Saturday, September 28, 2013

Some thoughts on beauty.

My dearest Tenley,
I feel like the easiest platform to communicate my thoughts right now is in a letter intended for you. Of course, you can't read it right now. . . but I hope someday you will. 
When I was in high school, I knew a handful of girls who struggled with eating disorders and had other body image issues. My heart hurt for them as they battled with the defeating thoughts Satan planted in their minds. I, myself, sometimes went through phases when I had obsessive ideas of how to look skinny and pretty (in fact, I still go through those cycles sometimes!) 

When I was in college, I started coursework in recreational therapy and was required to take some psychology classes. I learned more about the mental health framework for eating disorders and gained a better understanding of how one's upbringing and social environment can affect and shape personal beliefs. Then, at the end of my college experience, I had the opportunity to do an internship at a residential treatment center for girls. And BAM! There I was. . . in the thick of trying to understand girls' emotions, learn how to process and unravel feelings, help retrain negative thought patterns, and ultimately remind teenagers how special, powerful,  and capable they were. Ohhhh. . . and it was hard! Girls are stubborn. Girls are strong-willed. Girls are set in their ways sometimes. I worked at that placement for a little over a year. . . and, you better believe, I poured my heart into my work. I loved, taught, cared, played, laughed, cried, struggled, and grew more than I thought I would. But then, I found out you were starting to form and develop inside me, and I decided to transition to a new position and location that would help me provide better for our family. I left with so many unanswered questions about HOW and WHY girls lose sight of their worth. I wanted to figure it out, DANGIT! But it is just so complex and different for everyone.

As you grew in my tummy, so did my fears and reservations about raising you. Oh gosh, a girl! What could I do to raise a resilient, caring, independent, compassionate, confident woman? I thought about it constantly and often found myself clicking over to articles and blog posts on the Internet. I knew from my college training and other experiences that I needed to be a stable, consistent, dependable parent in order to form a loving, safe, connected relationship with you. . .but how could I teach you to find your worth in more meaningful places than your outward appearance?

When you were born, I was amazed by how remarkably beautiful you were. People made (and continue to make) nice comments all the time about your bright blue eyes, rosy lips, long lashes, cute nose, and naturally highlighted, thick, gorgeous hair. You are a lovely little lady, no doubt, and I tell you so often! But over the past several months of your life, I've gotten a little bugged. I'm not bugged because people compliment you on your physical features (I'm always a bit flattered actually because I usually take those compliments as compliments myself. . . you are my daughter after all!) I'm not bugged because I always agree with our friends and neighbors and strangers when they tell you how adorable you are. Mostly, I'm bugged because there is so much more to you than your pretty face! I want people to compliment you on your curiosity, on your playfulness, on your desire to learn about and understand the world around you, on your ability to love and forgive, on your persistence to get up when you fall. You are so little, so I'm not totally sure how much you understand and process the words people say to you, but I do know that I'm building habits now in the way I raise you that will help shape and define who you become. So. . . instead of complimenting you on how beautiful your hair is, I'm trying to compliment you on how patient you are when I brush it and try to style it. Instead of complimenting you on how cute your outfit is, I'm trying to compliment you on how helpful you are when I'm trying to do the laundry (thanks for picking up that sock and handing it to me!) Instead of complimenting you on how brilliantly blue your eyes are, I'm trying to compliment the interest and inquisitiveness I see when you look out at your surroundings.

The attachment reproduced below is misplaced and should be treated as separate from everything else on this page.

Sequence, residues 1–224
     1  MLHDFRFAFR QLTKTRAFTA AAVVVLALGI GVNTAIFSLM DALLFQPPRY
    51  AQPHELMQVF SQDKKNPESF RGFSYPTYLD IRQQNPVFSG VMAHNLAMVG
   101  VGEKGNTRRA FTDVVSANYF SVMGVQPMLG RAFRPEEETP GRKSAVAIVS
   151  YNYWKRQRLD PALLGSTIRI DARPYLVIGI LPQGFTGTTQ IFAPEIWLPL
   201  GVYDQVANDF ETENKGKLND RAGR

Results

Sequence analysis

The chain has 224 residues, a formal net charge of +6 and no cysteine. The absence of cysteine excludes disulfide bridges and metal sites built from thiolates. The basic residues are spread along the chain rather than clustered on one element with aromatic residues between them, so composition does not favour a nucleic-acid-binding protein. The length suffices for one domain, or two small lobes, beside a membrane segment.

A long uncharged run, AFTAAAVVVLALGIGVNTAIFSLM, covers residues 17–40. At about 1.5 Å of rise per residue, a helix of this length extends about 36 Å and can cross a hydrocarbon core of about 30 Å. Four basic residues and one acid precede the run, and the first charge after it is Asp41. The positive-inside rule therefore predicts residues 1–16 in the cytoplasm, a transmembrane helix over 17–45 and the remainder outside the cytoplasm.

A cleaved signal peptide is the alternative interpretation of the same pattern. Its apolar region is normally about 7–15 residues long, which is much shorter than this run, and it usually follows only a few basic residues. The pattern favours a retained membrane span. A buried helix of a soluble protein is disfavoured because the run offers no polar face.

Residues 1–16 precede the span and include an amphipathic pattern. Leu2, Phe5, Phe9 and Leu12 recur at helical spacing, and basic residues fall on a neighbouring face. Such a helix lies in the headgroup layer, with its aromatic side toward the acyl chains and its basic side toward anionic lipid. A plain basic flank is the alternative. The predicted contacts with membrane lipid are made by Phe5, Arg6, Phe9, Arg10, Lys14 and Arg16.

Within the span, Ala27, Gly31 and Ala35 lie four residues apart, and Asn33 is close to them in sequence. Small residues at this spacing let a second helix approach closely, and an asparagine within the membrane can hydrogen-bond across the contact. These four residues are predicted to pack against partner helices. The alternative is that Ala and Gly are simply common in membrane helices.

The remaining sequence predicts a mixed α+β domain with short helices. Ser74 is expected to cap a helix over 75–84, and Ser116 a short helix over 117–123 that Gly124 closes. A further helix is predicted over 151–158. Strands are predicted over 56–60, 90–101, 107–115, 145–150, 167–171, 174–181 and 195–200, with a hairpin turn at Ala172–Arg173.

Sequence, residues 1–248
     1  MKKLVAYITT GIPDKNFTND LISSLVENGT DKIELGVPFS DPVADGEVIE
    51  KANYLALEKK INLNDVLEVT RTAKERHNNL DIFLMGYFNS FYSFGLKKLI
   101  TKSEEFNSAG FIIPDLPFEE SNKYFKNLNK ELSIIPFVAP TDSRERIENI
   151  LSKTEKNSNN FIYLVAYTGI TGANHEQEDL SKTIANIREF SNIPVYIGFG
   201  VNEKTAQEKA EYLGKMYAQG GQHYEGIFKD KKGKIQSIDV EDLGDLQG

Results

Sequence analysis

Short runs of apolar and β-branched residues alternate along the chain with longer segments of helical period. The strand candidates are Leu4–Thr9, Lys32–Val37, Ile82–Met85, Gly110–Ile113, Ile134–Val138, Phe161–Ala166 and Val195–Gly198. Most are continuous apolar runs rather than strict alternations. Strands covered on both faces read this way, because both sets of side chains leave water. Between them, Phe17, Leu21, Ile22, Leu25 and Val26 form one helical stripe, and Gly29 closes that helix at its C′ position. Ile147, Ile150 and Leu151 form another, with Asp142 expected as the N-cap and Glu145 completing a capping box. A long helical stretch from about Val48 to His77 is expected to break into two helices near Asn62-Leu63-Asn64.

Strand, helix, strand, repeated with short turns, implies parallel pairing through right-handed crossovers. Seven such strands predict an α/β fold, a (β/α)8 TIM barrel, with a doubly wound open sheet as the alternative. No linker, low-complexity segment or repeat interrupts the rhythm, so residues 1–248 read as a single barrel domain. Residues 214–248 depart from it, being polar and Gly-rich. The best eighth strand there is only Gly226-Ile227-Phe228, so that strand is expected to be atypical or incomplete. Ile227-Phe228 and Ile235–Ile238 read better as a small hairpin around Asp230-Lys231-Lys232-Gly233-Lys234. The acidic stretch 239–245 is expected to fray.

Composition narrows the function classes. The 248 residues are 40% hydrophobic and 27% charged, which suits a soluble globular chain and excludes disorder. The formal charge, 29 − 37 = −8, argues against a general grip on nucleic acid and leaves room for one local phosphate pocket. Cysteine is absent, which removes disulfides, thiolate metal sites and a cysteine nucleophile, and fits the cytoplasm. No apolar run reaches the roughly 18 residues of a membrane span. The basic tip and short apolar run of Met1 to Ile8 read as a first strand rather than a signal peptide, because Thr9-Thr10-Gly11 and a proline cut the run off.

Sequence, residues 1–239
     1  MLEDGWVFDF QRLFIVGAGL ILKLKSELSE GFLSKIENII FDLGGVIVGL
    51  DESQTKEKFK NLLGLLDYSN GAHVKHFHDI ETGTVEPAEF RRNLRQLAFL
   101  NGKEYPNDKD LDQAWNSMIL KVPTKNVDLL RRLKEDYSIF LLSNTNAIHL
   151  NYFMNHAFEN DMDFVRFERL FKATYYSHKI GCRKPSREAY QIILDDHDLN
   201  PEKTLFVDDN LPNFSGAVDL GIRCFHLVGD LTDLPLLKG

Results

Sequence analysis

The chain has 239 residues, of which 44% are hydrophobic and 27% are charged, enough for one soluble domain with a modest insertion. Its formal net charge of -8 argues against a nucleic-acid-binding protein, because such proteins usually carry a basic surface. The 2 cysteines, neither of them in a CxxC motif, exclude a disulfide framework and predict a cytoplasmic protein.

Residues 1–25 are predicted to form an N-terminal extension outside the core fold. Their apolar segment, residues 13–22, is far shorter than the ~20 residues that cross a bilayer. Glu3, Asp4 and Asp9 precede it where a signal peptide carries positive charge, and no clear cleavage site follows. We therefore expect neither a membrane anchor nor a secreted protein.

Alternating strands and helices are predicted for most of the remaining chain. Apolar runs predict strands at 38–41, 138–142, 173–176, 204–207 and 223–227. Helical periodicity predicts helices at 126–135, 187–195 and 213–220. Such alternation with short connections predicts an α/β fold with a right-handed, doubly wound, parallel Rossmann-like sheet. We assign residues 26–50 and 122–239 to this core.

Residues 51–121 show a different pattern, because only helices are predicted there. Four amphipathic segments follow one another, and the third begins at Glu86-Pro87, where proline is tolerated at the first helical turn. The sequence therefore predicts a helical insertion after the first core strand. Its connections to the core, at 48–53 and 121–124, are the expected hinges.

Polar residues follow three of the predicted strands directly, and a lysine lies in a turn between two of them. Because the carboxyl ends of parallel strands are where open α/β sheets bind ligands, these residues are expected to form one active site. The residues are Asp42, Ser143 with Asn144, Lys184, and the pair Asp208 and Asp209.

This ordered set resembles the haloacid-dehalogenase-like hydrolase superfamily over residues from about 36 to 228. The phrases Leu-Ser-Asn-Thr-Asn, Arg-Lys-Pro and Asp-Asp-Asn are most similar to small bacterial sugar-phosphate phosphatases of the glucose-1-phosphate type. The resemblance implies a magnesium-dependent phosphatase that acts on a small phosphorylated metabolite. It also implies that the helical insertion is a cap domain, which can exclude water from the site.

It is much more natural and comfortable to compliment the outward, surface-y stuff. I do it all the time, but I am trying to catch myself. Rather than comment to the young girl at the grocery store about how "pretty she looks in her dress," I try to come up with something about her demeanor or personality- "You are being so calm while your Momma shops. I bet you're a really good helper." It's hard and takes a bit more effort, but I think it's worth it. We complain all the time about how "society" puts too much emphasis on physical appearance and beauty, but unless we, as individuals, do things to change the pattern, it seems unlikely that it'll happen.  I can't revolutionize the world, but I can adjust the way I parent.

Tenley girl, I think you are stunning and I want you to believe that about yourself. But more than that, I want you to find meaning in your faith, in your character, in your caring, loving, giving nature. I want to build a home environment that puts more emphasis on who you are than what you look like. I'm trying, baby girl. Be patient with me; it's hard to adjust my thinking sometimes!

I love you so,

1 comment:

Amanda Leigh said...

Summer!! I sure love ya! I've talked to so many people about the conversation we had over the summer on this very topic; it made a big impact on me. You're a spectacular mother and raising a daughter who is gorgeous on so many levels! Thanks for sharing these wonderful thoughts.